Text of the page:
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Title: Molecular and functional characterization of SLC17A5 and SLC17A9 transporters in Drosophila melanogaster
Other Titles: Moleculaire en functionele karakterisering van SLC17A5 en SLC17A9 transporters in Drosophila melanogaster
Authors: Laridon, Bram
Issue Date: 5-Apr-2012
Abstract: Transporters are of major importance to living organisms. They function as gatekeepers for cells and organelles by controlling the uptake and efflux of various compounds and are therefore essential for an organism to maintain homeostasis. It is generally estimated that at least 5% of all human genes code for transporters, which further underscores their biological importance.The solute carrier (SLC) family of transporters represents the second largest family of membrane proteins (after the G-protein-coupled receptors) and contains in humans at least 378 proteins, divided into 51 SLC families. Among these, the SLC17 family mediates the transmembrane transport of organic anions. Proteins of the SLC17 family are involved in urate secretion (SLC17A1 and SLC17A3), lysosomal export of sialic acid (SLC17A5), and vesicular storage of aspartate (SLC17A5), glutamate (SLC17A5-8) and nucleotides (SLC17A9). Defects in each of these processes can have profound consequences and lead to diseases, underscoring the importance of proper function of these transporters.Despite the important biological functions of SLC17 transporters, studies have mainly been confined to the vesicular glutamate transporters SLC17A6-8 (VGLUT1-3). The other SLC17 transporters have received very little attention and most of the available data are based on in vitro experiments. Using the genetically tractable model organism Drosophila melanogaster we aim to gain further mechanistic insight into the function of SLC17 transporters. Specifically, we focused on the functional and genetic characterization of SLC17A5 (Sialin/VEAT) and SLC17A9 (VNUT) homologs in D. melanogaster.SLC17A5 (Sialin/VEAT) functions as a lysosomal H+/sialic acid cotransporter (Sialin) and mediates the export of free sialic acid out of the lysosome. When present in synaptic vesicles, SLC17A5 functions as a vesicular excitatory amino acid transporter (VEAT) and mediates membrane potential-dependent uptake of aspartate and glutamate. Mutations in SLC17A5 underlie the allelic lysosomal storage diseases Salla disease and infantile sialic acid storage disease (ISSD), characterized by severe neurological problems and an intralysosomal accumulation of sialic acid.In this study, we identified a group of Drosophila homologs of SLC17A5 (Sialin/VEAT) and studied their expression patterns throughout embryogenesis. We show that Drosophila SLC17A5-related genes are expressed in a variety of tissues, of which the uncharacterized genes CG3036 and CG8098 are expressed in the embryonic nervous system. We next performed a molecular-genetic and functional characterization of CG3036, which we renamed nestor. We show that Nestor displays SLC17A5-like transport properties and its expression is enriched in neurosecretory cells, where it colocalizes with the corresponding neuropeptides. Loss of Nestor does not cause a lysosomal storage disease, but increases lifespan up to 100%, in the absenceof an effect on fecundity or physical activity. Extension of lifespan and healthspan in nestor mutants is accompanied by increased resistance to starvation and oxidative stress. We provide evidence that Nestor acts in multiple tissues to control lifespan and starvation resistance and show that Nestor acts in insulin-producing cells to control resistance to oxidative stress. We hypothesize that the extension of lifespan and increased stress resistance of nestor mutants arises, at least partially, from a neuroendocrine disorder.Molecular-genetic and functional analysis of Drosophila CG8098, which we renamed pygmy, reveals that both loss of Pygmy and ubiquitous overexpression cause substantial growth retardation and lethality. In addition, we find that nervous system- specific overexpression causes excessive fluid retention and impaired defecation and is associated with a bloated phenotype, suggestive of impaired leucokinin signaling.Taken together, our study of the Drosophila SLC17A5 homologs Nestor and Pygmy points towards a role for SLC17A5-like transporters in neuropeptide secretion. This finding might well be relevant for sialic acid storage diseases and awaits further investigation.SLC17A9 represents the vesicular nucleotide transporter (VNUT), responsible for the uptake of ATP into synaptic vesicles, a process crucial to purinergic neurotransmission. We report the identification of the uncharacterized Drosophila gene CG15438 as the Drosophila vesicular nucleotide transporter (dVNUT). We show that dVNUT is a membrane potential- dependent ATP transporter, which potentially also transports GTP, UTP, ADP and AMP. We demonstrate that the ATP transport activity of dVNUT is strongly dependent on Cl- and can be inhibited by DIDS and Evans Blue, two known inhibitors of mammalian VNUT. dVNUT expression is strongly enriched in embryonic, larval and adult salivary glands and is also upregulated in the adult nervous system, ovary and male accessory glands. Our loss-of- function analysis reveals that dVNUT is not an essential gene in Drosophila. Although additional studies are needed to reveal the function of dVNUT, our data suggest a possible role for purinergic neurotransmission in the salivary glands and the nervous system in Drosophila.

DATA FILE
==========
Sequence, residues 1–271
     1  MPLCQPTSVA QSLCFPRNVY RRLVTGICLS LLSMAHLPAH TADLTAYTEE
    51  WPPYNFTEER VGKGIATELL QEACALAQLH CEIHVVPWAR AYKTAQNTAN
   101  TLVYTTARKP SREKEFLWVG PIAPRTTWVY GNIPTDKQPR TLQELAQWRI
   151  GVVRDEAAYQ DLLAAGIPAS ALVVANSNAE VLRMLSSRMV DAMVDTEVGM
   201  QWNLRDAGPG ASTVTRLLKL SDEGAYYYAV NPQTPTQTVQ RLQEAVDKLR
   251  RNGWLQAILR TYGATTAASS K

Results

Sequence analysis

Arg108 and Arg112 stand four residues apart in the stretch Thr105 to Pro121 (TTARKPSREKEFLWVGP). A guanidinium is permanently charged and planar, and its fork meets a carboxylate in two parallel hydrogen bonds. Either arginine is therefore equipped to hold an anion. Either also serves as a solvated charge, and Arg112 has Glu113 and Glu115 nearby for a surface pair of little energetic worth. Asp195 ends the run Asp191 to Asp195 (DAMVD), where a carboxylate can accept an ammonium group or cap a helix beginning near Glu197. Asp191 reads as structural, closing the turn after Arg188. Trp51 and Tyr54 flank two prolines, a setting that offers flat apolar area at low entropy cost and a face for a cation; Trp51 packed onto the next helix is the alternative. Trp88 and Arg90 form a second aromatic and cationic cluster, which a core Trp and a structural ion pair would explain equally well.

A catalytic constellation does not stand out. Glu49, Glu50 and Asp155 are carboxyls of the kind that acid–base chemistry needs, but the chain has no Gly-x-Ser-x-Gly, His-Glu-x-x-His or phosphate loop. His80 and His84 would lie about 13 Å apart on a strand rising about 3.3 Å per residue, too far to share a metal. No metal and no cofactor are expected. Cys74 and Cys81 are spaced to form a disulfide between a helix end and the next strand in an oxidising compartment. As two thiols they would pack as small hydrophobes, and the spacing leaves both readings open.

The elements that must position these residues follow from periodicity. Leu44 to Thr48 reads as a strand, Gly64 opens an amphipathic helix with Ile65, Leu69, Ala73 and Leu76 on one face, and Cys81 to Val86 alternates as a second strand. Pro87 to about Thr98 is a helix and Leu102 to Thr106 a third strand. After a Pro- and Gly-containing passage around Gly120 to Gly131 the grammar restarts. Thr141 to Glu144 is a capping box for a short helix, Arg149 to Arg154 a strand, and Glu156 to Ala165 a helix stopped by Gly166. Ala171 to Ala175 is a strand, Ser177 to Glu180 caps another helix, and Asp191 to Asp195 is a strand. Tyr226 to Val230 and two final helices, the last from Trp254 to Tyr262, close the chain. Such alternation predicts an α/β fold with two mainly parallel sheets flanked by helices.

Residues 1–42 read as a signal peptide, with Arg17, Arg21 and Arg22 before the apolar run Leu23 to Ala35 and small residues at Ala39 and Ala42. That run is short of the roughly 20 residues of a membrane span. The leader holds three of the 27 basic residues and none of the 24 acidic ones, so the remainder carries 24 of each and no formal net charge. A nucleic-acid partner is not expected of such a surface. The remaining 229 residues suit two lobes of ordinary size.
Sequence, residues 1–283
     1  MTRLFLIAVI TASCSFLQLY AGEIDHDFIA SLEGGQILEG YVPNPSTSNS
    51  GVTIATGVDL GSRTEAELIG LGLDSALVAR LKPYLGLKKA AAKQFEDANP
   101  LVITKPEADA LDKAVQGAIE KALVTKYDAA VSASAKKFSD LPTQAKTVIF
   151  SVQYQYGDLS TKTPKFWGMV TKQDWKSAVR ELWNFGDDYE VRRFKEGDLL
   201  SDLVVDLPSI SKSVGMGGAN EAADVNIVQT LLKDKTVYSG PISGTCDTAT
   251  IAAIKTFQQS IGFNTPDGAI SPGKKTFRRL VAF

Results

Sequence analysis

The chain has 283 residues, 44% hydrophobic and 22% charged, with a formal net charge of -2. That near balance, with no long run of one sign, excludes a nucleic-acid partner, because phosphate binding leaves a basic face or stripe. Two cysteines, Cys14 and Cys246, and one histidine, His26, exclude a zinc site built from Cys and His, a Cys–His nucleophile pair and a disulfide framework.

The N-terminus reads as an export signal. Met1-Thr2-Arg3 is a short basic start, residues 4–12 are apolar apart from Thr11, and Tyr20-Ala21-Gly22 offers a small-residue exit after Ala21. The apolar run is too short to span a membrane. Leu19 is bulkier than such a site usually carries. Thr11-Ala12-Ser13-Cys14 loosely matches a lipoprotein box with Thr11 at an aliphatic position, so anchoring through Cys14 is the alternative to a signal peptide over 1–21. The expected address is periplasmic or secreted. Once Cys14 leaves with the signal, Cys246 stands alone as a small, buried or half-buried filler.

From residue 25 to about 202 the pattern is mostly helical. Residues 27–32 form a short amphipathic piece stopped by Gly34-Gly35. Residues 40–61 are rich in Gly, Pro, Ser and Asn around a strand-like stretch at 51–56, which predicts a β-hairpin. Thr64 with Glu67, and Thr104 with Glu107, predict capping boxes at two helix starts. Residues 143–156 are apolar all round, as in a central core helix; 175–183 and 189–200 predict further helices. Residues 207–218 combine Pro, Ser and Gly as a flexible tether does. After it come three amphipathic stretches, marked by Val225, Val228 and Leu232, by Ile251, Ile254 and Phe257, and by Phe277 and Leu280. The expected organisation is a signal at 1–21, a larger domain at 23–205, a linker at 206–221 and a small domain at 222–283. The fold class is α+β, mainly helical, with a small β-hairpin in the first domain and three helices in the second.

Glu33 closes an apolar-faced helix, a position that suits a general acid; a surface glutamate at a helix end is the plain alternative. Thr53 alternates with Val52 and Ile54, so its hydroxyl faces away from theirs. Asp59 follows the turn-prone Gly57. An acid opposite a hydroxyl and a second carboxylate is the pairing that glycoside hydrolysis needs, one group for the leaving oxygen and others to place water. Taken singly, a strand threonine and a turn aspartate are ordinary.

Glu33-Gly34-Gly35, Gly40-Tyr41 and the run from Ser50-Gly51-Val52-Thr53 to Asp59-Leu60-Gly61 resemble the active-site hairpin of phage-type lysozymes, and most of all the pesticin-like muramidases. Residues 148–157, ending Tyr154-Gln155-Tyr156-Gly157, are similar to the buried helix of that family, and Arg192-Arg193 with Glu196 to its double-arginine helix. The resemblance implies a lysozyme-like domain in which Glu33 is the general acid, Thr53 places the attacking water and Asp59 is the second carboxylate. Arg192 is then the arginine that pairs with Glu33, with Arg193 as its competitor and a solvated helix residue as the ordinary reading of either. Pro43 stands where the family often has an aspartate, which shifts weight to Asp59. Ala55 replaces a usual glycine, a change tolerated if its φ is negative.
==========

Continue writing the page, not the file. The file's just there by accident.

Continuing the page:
Publication status: published
KU Leuven publication type: TH
Appears in Collections:Department of Human Genetics - miscellaneous
Laboratory of Behavioral and Developmental Genetics

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